Jon Orr: And after a year of teaching in the pandemic, we have these questions about where should we go, which should we focus on. Should we be resorting back to basics, or should we move forward? We got this time factor that we feel like we have to fill gaps. So we're going to talk about that and what should be the right thing we do here to help our students the most.

Kyle Pearce: Awesome. And then finally, we're going to be exploring a concept that might be holding your students back and we're going to talk about something pretty precise, but then sort of a zoom out a little bit. So we're super excited. So sit back, enjoy, and let us know, leave us a comment on whatever platform you are listening or watching to this webinar on. We really hope you'll enjoy it and we'll see on the other side.

Jon Orr: All right, let's get into it. We are super excited to chat with you this evening, all about how to reach more students after such a tough, tough year last year. I know I say after a tough year, because I feel like it's still going on. Right, Kyle? It's still a tough year coming into this new school year, even though we just started this week here in Ontario, Canada.

Kyle Pearce: Yeah, you're absolutely right. It's been, I guess, reminiscent of last summer. I know during summer break things felt like we were getting back to normal and now we're starting to see this fourth wave talk going on. So we know that people are feeling like, "Holy smokes, when is this going to get behind us?" And really tonight, what we'd like to do is we'd like to take some time to help you with reaching more students. When we say that, we're not saying that you're not already reaching a lot of students because trust me, we know you're putting in your 100%, but ways that we might be able to do this without taking on more stress, more anxiety, more even, dare I say it, guilt.
Because I think sometimes as educators, we put that on ourselves and we know it has been probably the toughest year ever from just a general education standpoint, and you folks deserve as many opportunities to just keep on pushing and helping as many students as you can. So that's what we're going to do tonight. But, Jon, we're not just going to leave people empty-handed, are we?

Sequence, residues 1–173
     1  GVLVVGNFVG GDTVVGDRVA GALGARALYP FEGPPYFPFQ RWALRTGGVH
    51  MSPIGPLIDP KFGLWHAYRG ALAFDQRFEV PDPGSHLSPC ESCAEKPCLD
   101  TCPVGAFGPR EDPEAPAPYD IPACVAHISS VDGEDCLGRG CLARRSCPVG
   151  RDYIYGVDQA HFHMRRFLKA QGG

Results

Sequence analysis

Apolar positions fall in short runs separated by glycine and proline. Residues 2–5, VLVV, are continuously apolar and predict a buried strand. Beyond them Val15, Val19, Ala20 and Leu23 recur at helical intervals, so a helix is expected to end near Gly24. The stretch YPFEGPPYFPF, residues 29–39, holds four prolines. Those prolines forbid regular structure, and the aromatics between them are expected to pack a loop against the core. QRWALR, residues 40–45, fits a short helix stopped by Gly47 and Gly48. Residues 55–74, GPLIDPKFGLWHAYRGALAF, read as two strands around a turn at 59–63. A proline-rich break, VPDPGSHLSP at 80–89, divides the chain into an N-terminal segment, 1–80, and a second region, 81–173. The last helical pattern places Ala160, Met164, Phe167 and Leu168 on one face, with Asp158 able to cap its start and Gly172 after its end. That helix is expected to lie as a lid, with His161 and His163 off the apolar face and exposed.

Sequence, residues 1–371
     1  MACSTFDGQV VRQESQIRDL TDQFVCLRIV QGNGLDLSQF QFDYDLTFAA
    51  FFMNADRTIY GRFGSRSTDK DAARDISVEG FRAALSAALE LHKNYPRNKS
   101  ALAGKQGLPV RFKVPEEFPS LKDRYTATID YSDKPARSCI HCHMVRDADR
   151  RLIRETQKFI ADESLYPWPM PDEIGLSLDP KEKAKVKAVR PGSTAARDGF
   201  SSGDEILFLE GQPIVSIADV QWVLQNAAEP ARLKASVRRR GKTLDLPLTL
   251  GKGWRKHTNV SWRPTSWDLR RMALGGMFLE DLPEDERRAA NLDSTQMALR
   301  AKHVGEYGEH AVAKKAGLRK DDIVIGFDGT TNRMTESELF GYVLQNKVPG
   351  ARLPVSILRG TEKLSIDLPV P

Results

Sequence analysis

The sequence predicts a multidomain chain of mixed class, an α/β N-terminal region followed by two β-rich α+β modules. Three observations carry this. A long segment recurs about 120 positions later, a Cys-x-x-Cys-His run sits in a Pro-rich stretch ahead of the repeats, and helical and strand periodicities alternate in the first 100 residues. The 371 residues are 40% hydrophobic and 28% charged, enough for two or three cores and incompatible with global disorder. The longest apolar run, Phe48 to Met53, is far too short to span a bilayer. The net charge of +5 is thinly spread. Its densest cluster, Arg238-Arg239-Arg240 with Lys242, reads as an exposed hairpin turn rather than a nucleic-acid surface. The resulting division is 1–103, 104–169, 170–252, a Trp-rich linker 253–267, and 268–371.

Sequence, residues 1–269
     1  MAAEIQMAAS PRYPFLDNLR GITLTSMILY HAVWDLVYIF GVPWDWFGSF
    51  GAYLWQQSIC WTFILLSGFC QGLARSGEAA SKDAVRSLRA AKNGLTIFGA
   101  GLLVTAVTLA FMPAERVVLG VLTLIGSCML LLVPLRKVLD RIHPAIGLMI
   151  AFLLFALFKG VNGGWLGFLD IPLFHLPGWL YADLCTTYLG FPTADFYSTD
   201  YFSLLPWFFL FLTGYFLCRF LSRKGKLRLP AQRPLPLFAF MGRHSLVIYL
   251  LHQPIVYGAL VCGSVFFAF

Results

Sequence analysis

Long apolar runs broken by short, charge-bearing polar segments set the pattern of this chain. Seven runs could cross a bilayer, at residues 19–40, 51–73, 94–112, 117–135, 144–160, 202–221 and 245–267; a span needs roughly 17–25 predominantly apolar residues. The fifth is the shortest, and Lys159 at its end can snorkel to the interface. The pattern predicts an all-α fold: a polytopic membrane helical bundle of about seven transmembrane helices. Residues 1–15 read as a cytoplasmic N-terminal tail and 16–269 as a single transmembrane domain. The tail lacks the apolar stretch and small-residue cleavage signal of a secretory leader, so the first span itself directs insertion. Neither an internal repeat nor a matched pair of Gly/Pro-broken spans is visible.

Jon Orr: Right. No. And if you've been with us for a webinar before, we've been doing, I guess, like not quarterly webinars, it's like we do almost three webinars a year, like three live webinars here a year for the last, it's got to be going on three years, Kyle was we're just chatting that we were like, "Maybe we should keep our slides in that tells them all about the chat feature." And we're like, "This is old news to them."
But when we first started this, we had to tell you how to use the chat. But hey, let us know in the chat right now. If you've been with us a webinar before, let us know if it's one, two, lots. I don't know. Maybe it's your first. I'm really excited to see this might be your first webinar to join us. But if you've been with us before, you know that we give away some stuff at the end and we are going to continue that here.

Kyle Pearce: It really makes our heart feel great when we see people that are coming back to keep diving deeper with us because as we always mentioned, we will never be down this journey now being a true lifelong learner, learning how to teach math, I don't think you'll ever get there. There's no such thing as being at the end where you sort of have all of that knowledge. I used to think that, to be honest. I thought I knew enough where it was like, "I didn't need to learn anymore to teach math." My world has totally been flipped upside down since diving in on this journey with Jon to my... Well, I guess on my screen to my right.
So let's talk, Jon about what we're going to do tonight, the first thing. And we want you to hold us accountable. Those who have been with us before, we want you to hold us accountable that when we say you're going to get something that you're going to see it emerge from this particular webinar here. So the first one is where you fit on the math lesson spectrum. And maybe you haven't been thinking about this yet. We're hoping to help you see that a little bit more clearly and how you can use it to help your students succeed by learning math through sense-making or maybe just pushing that sense-making a little bit more than maybe we have in the past. Jon, what else are we going to do here?